Purplebricks has been sold for £1 to online estate agency Strike after shareholders approved the offer from the only remaining bidder.
It will see the troubled firm come under the ownership of its rival, backed by Carphone Warehouse founder Sir Charles Dunstone.
The online agency agreed to sell its business and assets to Strike for a nominal £1 after another bidder pulled out, claiming its financial condition was “significantly worse than expected”.
Shareholders approved the sale with 91% voting in favour on Friday.
“Following the passing of resolutions at the general meeting, completion of the business and asset sale to Strike… will take place today”, Purplebricks said in a statement.
It said its name would be changed to Bricks Newco before its shares stop trading on the Alternative Investment Market (AIM) stock exchange on June 15, after which the two brands are expected to be combined.
Chief executive Helena Marston has resigned from her role and as a director immediately, the firm said.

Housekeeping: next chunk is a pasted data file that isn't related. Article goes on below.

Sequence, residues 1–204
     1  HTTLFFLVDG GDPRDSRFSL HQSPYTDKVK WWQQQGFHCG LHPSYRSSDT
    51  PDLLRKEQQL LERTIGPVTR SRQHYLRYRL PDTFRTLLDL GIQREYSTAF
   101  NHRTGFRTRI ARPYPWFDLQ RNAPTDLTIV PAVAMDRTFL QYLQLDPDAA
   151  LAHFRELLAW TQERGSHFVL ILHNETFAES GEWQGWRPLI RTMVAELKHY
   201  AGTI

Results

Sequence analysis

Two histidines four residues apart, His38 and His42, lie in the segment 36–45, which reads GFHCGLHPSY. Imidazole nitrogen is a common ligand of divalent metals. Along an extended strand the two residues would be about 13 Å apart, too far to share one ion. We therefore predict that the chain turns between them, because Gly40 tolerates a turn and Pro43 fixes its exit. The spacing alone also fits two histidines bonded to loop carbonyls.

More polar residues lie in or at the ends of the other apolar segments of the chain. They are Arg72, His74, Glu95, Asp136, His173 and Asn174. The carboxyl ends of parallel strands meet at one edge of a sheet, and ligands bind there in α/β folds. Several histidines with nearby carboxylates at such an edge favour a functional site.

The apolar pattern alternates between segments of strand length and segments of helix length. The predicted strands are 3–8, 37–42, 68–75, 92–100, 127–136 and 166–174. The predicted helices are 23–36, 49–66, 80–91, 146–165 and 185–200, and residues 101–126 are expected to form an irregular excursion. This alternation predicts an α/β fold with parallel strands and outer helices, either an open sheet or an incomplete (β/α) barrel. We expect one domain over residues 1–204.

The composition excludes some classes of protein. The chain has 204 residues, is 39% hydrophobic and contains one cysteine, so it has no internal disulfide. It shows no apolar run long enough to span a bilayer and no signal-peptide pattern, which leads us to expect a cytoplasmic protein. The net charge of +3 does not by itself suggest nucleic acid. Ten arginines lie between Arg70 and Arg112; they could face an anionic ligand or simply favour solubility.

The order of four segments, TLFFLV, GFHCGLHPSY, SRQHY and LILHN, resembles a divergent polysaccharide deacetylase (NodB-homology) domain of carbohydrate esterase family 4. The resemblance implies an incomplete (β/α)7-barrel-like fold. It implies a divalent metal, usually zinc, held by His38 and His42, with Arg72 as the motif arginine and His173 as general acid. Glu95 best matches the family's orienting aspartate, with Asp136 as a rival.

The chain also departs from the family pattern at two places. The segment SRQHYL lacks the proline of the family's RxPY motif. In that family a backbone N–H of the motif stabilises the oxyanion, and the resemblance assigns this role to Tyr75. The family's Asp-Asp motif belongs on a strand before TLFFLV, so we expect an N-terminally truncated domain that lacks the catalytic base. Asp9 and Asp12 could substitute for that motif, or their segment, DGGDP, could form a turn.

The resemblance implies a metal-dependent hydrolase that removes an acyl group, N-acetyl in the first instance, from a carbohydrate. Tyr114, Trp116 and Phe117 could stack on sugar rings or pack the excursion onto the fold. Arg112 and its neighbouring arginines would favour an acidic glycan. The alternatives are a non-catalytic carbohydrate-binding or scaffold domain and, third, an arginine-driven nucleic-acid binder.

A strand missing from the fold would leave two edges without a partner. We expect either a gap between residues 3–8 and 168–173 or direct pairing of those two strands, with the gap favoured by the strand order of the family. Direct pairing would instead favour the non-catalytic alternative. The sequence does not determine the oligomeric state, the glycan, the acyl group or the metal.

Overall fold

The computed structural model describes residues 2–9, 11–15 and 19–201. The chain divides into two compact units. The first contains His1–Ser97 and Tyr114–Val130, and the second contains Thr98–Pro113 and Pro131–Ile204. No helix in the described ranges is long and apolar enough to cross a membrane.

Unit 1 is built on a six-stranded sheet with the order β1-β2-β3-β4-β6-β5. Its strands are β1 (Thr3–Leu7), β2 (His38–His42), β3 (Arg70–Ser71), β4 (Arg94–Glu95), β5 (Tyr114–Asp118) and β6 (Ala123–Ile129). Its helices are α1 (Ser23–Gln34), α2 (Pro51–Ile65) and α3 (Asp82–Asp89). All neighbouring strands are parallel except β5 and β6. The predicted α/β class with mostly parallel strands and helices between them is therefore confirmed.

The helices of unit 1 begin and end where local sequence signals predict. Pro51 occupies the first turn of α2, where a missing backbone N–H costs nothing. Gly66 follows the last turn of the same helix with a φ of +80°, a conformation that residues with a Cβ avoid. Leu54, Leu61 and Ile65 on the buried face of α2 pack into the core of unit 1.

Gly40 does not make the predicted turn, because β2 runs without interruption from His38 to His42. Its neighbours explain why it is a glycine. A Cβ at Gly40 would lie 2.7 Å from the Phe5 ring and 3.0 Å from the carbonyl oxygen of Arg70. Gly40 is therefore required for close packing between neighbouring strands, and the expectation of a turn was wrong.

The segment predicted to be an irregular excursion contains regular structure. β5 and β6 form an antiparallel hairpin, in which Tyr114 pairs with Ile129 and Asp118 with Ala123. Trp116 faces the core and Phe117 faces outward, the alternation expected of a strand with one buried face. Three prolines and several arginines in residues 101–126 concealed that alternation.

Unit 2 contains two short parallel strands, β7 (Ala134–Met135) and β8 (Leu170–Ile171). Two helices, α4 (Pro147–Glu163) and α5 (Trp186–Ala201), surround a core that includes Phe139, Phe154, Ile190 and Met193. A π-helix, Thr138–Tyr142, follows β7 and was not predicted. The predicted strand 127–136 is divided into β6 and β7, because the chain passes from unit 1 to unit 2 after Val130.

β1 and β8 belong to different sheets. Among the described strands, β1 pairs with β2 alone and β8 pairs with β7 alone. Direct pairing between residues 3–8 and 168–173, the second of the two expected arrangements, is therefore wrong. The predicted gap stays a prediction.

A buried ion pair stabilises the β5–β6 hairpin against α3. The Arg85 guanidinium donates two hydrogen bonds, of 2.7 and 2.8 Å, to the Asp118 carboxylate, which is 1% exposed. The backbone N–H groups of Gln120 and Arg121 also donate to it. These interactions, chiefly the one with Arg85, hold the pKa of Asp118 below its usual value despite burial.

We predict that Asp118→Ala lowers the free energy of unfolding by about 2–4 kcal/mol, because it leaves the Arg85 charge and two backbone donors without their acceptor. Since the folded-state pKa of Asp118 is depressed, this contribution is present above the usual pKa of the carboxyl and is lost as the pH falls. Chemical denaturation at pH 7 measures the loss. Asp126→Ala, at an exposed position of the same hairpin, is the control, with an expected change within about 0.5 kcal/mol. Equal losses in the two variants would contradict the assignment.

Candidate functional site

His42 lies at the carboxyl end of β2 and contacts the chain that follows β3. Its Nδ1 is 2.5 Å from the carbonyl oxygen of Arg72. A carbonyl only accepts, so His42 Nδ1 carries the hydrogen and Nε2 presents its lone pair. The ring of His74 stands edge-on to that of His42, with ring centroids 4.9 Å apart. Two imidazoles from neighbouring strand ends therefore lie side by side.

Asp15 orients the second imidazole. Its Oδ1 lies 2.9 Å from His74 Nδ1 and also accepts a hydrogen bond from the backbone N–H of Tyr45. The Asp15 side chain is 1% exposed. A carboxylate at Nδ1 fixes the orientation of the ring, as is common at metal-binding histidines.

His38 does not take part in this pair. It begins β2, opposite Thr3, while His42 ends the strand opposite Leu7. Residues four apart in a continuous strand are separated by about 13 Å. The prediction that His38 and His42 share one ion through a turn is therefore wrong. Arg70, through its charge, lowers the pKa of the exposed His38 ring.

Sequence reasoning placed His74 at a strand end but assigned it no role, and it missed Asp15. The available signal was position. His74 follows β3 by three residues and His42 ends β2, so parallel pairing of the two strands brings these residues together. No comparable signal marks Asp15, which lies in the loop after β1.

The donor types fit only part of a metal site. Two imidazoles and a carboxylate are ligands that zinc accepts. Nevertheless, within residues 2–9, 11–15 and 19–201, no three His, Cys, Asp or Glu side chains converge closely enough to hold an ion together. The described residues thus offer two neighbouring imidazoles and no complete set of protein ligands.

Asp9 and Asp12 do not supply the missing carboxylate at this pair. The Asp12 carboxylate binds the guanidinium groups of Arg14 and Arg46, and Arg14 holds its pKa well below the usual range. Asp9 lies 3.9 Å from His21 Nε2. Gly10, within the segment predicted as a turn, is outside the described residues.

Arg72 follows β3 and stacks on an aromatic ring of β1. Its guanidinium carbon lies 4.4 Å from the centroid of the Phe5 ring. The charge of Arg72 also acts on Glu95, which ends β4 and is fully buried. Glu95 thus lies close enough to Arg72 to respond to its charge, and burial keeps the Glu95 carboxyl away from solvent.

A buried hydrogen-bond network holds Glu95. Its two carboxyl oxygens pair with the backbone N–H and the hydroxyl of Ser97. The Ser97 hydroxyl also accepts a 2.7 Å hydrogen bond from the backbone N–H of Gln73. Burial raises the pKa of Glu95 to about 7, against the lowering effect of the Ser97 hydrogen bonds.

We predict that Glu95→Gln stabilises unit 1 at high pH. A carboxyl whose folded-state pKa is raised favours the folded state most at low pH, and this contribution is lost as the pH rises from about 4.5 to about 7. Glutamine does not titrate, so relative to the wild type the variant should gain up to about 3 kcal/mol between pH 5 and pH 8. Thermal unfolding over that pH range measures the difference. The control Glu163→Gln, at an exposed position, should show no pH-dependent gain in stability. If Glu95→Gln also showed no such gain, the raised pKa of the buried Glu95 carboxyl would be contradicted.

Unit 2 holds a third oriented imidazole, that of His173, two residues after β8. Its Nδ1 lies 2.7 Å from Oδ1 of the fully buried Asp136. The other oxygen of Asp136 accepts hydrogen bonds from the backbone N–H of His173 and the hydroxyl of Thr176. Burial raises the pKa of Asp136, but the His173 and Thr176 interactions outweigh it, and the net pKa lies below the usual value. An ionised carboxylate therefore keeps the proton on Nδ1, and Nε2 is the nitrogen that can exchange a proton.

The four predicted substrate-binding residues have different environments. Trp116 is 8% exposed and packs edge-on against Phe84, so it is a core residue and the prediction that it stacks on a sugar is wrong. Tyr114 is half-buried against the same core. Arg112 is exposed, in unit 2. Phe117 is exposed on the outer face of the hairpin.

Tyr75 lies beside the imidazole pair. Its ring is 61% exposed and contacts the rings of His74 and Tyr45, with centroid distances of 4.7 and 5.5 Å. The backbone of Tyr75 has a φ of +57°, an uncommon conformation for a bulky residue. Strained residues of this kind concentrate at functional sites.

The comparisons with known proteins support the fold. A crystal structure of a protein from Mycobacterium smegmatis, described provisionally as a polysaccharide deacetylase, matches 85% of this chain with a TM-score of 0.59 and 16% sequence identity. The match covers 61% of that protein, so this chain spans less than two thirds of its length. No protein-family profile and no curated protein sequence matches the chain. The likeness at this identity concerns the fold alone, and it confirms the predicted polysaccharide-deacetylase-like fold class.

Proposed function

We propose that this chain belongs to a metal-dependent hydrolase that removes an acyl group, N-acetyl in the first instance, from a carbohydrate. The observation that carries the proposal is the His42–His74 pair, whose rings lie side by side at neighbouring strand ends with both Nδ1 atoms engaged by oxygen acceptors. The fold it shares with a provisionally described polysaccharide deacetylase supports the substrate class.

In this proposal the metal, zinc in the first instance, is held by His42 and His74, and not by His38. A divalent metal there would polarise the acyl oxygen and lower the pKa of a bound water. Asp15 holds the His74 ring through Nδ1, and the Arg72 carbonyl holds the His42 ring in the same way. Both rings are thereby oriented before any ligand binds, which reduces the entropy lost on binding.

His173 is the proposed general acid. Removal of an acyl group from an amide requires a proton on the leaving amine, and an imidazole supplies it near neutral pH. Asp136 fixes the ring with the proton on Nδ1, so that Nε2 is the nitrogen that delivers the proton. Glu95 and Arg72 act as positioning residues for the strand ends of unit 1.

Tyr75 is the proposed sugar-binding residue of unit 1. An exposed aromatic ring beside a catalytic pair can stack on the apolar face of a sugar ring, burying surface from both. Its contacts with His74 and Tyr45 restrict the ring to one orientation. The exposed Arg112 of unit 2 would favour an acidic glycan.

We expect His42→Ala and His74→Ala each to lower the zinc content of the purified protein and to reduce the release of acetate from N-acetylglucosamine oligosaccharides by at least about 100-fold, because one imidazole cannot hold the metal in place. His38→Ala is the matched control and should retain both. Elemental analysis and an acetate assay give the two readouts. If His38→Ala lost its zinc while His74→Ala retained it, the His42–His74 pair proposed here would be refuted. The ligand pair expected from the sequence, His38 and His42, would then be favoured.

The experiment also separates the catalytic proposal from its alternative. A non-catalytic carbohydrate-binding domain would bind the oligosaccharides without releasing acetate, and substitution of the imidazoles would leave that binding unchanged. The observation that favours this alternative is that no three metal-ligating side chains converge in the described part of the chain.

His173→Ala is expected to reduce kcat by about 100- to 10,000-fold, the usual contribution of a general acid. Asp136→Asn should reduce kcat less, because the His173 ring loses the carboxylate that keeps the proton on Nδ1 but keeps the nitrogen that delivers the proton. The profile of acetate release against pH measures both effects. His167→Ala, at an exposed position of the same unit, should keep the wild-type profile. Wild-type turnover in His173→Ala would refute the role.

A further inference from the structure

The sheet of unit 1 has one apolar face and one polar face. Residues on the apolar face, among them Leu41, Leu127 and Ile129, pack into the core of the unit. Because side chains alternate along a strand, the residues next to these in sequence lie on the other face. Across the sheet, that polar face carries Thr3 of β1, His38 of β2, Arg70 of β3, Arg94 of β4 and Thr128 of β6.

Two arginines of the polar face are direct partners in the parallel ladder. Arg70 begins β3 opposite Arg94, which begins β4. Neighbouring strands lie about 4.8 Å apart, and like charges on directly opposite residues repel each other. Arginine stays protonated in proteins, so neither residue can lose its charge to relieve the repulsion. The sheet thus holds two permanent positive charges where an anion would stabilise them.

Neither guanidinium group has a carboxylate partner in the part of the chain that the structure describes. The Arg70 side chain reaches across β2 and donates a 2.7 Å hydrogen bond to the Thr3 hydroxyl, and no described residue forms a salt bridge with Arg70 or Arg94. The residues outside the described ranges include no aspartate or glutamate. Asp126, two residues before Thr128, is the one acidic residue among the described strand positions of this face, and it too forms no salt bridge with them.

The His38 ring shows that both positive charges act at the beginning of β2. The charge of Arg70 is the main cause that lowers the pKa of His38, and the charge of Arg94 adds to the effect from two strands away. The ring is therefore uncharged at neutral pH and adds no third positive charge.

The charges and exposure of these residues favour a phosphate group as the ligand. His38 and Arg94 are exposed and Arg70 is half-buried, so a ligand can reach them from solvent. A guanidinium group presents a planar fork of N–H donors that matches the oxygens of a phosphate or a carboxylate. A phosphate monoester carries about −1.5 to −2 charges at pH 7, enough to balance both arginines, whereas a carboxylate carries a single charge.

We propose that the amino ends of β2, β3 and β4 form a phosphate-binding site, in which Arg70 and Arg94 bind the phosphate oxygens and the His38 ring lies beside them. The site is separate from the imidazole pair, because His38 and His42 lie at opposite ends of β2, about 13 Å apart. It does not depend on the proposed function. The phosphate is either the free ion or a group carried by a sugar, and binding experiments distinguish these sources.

Purplebricks has seen its share price collapse after slumping to a loss and warning over its cash position.
Strike, which counts Carphone Warehouse and TalkTalk founder Sir Charles Dunstone as joint major shareholder, swooped in with the deal last month to take on its assets, liabilities and staff.
Mr Dunstone said that combining the two brands would “supercharge Strike’s mission to democratise house selling” and that the new business would be “even more disruptive”.
It could not specify how many roles are set to go, but it is expected to impact field agents and central support teams.
Lecram said: “The reason leading to Lecram’s decision not to proceed is, principally, that the financial condition of Purplebricks was found to be significantly worse than expected.”
The investor, which owns a more than 5% stake in Purplebricks, has previously criticised the beleaguered firm for not acting quickly enough to make improvements and salvage value for shareholders.
Proceeds from the Strike sale will be distributed to shareholders in “due course”, the company confirmed.
Anna Wise – Press Association